The naivety and free-spiritedness of childhood are why children have sparkles in their eyes filled with the greatest ambitions. These ambitions dwindle for many children as they mature, experience difficulty in school, encounter obstacles in life, and get a gist of how competitive the world is. But for those high achievers at the top whose sparkles never faltered, how did they do it? Dr. Angela Duckworth, a Wharton and Penn psychology professor, found that all high achievers possess a common trait: GRIT.
Dr. Duckworth says that grit is a “passion for long-term goals is caring about something so much that even when you don’t have to be thinking about it, you’re thinking about it,” with resilience and perseverance following. Dr. Duckworth provided a four-step process to achieve grit: wish, outcome, obstacle, and plan, or WOOP. To live by the acronym WOOP, one must be adaptable, not afraid of making a change, put themselves out there, and do more sampling and exploration, learning from the losses. While I agree with Dr. Duckworth’s four steps to success, I think that another essential aspect to include is to happily soak in successful moments in the present, making sure that desirable outcomes are self-fulfilling. It is important to learn from losses, but it’s also important to embrace the wins.
When you’re passionate about something, you get hooked on the feeling of winning. The exhilarating feeling of standing on a stage at the awards ceremony, reading an article you published, crossing the banner at a finish line, or making the game-winning shot produces fulfilling adrenaline in a passionate person, accelerating them to strive for more greatness. The desire to regain that fulfilling feeling of success outweighs any despondent feelings of unsuccessful losses, producing high achievers.
I have recently experienced this fulfilling feeling of winning that made it worth it through the losses. In February, a newspaper in my town agreed to let me write articles for them, and I had multiple calls and communications with them. However, they stopped communicating with me after making plans, and I have not heard from them since. Naturally, I was sad and started doubting my writing abilities because I was excited about that opportunity. Fast forward to this June, I submitted an article to The Beatles Story, the world’s largest permanent museum telling the story of the lives and times of The Beatles. The article was recently published on their website and promoted to hundreds of thousands of followers on their social media sites. While stealing my dad’s banana pudding and eating the bread pudding at Black Bear Diner to celebrate my publication was fulfilling (to my stomach), the fulfillment and giddiness I felt after getting published by this honorable museum of one of my favorite bands were greater than eating delicious desserts, and also greater than the sadness at being “ghosted” by my town’s newspaper.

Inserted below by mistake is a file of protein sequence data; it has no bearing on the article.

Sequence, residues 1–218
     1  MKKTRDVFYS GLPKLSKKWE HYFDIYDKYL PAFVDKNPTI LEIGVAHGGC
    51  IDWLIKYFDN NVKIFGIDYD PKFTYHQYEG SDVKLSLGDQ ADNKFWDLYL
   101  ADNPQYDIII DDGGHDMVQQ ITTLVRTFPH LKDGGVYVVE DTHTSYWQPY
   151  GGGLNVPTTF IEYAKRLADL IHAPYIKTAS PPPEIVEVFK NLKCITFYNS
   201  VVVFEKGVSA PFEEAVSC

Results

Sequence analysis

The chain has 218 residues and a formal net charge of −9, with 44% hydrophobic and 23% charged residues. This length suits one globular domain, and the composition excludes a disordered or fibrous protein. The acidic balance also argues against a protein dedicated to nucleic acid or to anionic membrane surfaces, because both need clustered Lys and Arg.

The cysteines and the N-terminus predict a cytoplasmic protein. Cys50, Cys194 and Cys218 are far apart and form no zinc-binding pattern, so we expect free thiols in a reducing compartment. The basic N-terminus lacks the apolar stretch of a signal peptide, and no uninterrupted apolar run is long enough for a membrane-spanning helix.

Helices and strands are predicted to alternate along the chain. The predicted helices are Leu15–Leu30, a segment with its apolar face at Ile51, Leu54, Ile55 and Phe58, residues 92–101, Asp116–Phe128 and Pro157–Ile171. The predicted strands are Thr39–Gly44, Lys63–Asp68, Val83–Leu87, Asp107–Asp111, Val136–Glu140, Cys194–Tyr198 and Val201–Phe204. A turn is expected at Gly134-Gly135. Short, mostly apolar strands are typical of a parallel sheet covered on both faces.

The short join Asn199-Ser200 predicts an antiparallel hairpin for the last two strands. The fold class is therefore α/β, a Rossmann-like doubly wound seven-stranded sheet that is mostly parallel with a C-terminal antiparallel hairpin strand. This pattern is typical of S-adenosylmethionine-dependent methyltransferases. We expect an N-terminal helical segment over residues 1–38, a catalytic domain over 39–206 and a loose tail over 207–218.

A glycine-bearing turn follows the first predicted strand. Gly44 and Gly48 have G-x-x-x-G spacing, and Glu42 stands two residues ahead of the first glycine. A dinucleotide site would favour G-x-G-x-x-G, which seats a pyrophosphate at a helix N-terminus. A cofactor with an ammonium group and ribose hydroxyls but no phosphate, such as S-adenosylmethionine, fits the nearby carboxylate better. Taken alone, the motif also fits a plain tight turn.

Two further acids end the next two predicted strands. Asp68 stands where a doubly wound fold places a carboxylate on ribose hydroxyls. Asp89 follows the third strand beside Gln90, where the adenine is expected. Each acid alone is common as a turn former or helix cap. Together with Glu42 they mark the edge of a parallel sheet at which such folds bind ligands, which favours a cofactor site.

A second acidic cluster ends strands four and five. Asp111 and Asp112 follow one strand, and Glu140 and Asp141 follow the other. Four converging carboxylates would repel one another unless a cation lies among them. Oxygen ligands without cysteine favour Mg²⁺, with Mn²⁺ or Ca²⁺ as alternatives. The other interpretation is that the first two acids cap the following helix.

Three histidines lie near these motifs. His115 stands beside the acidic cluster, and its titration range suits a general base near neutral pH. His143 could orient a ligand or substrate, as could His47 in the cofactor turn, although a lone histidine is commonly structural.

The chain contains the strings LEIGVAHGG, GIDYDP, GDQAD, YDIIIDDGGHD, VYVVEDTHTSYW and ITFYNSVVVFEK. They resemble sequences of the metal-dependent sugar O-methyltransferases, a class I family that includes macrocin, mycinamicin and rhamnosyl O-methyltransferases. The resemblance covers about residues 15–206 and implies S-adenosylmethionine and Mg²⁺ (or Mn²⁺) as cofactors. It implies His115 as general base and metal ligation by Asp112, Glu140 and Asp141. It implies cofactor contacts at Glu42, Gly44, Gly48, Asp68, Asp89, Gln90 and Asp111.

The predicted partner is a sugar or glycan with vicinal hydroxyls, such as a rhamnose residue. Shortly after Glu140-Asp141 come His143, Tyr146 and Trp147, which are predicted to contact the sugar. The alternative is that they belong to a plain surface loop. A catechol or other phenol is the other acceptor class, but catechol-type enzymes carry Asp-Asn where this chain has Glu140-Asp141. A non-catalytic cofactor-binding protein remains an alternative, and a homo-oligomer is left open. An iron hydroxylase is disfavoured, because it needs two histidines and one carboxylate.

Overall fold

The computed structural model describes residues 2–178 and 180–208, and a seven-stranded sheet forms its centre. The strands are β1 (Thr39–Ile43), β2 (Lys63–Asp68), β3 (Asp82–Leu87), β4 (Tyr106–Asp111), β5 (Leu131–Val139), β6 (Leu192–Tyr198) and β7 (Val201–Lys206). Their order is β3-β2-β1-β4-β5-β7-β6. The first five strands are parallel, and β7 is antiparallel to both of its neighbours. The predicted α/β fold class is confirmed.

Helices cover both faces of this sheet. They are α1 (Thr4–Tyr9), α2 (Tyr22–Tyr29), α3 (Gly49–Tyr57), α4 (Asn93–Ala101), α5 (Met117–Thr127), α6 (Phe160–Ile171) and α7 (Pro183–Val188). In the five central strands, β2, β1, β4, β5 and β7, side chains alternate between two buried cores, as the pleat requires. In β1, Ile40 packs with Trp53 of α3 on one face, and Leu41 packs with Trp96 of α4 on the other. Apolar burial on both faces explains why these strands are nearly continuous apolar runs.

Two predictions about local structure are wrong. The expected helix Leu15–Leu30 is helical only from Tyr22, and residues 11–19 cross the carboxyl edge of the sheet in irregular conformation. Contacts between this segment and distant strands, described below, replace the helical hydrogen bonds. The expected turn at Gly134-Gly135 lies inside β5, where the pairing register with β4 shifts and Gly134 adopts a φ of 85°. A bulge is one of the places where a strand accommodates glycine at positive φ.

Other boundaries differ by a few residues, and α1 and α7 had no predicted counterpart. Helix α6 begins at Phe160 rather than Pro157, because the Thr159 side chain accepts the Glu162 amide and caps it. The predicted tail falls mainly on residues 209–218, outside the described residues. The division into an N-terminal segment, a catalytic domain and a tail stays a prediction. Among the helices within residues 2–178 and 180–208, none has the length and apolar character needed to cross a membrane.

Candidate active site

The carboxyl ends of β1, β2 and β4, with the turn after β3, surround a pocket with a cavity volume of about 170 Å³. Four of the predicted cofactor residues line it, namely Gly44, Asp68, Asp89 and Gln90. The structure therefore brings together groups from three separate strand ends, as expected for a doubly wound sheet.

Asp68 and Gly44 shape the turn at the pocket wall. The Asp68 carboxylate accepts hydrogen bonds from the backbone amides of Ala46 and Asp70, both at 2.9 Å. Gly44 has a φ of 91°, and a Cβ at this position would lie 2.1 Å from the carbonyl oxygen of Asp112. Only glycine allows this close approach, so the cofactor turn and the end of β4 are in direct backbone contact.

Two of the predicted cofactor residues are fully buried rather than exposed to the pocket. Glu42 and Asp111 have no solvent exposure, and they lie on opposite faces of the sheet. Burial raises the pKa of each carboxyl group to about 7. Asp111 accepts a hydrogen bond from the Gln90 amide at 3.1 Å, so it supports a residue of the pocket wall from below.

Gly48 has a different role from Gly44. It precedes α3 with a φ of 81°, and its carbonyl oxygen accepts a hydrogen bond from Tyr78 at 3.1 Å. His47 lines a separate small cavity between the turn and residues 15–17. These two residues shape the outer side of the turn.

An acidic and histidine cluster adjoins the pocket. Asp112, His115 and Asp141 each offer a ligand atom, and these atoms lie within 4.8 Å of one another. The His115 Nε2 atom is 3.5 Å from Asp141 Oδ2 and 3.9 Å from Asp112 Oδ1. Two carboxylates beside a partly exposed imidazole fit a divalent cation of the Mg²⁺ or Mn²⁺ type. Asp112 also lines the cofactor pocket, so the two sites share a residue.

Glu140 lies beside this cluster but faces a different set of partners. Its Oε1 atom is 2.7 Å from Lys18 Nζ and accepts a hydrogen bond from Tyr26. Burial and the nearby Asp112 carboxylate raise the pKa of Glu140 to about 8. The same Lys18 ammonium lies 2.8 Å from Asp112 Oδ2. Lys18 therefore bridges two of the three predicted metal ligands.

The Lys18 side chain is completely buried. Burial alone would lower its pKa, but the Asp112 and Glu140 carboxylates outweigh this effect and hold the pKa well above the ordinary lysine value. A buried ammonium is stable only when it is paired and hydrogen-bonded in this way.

However, this exhilarating fulfillment also applies to my parents, as my parents, especially my Beatle-maniac dad, were very happy for me and emotional. As an aspiring corporate attorney, my summer consisted of mostly writing, writing, and, you guessed it, writing, like I am doing right now for this Comment & Win contest. However, due to my parent’s pride, they inserted a non-writing related event in my summer – a trip to Europe to visit the museum I was published in. My mom is someone that always books plane tickets and plans for trips ahead of time, but now we’re departing for London next week. So what’s the moral of the story? Grit can convince your parents to take you to England the following week. Just kidding. While that may have occurred in my situation, the real moral of the story is that grit can get you through low-spirited moments and bring you to bigger and better opportunities. I may have been sad at not getting published locally in February, but now I have an international publication from a museum dedicated to my favorite band. By following Dr. Duckworth’s WOOP process, I had sparkles in my eyes while saying “WOOP WOOP” from getting an article published in The Beatles Story.
The Power of Perseverance
It’s about drive, it’s about power
We stay hungry, we devour
Put in the work, put in the hours and take what’s ours (ahoo) sings, Dwanye the Rock Johnson as he motivates his listeners to be perseverent. After analyzing Duckworth’s “Grit” essay, she takes us into the field to visit cadets struggling through their first days at West Point (a special place where the awesome LBW program guides their students to explore ;D), teachers working in some of the toughest schools, and young finalists in the National Spelling Bee. Angela Lee Duckworth argues that perseverance and passion outweigh intelligence and talent– making her assertion remain accurate. Long-term goals rely on grit, especially with adversities that can be frightening.